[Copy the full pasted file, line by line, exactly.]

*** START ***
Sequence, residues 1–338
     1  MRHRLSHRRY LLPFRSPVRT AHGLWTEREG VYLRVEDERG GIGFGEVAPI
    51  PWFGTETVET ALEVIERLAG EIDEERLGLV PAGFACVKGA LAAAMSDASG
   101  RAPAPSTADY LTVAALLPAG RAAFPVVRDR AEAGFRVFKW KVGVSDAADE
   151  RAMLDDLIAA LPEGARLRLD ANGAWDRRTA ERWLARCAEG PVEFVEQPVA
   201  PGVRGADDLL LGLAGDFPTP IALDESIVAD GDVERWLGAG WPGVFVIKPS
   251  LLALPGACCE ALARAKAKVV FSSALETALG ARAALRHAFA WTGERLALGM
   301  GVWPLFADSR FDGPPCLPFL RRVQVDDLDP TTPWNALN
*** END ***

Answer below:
Sequence, residues 1–338
     1  MRHRLSHRRY LLPFRSPVRT AHGLWTEREG VYLRVEDERG GIGFGEVAPI
    51  PWFGTETVET ALEVIERLAG EIDEERLGLV PAGFACVKGA LAAAMSDASG
   101  RAPAPSTADY LTVAALLPAG RAAFPVVRDR AEAGFRVFKW KVGVSDAADE
   151  RAMLDDLIAA LPEGARLRLD ANGAWDRRTA ERWLARCAEG PVEFVEQPVA
   201  PGVRGADDLL LGLAGDFPTP IALDESIVAD GDVERWLGAG WPGVFVIKPS
   251  LLALPGACCE ALARAKAKVV FSSALETALG ARAALRHAFA WTGERLALGM
   301  GVWPLFADSR FDGPPCLPFL RRVQVDDLDP TTPWNALN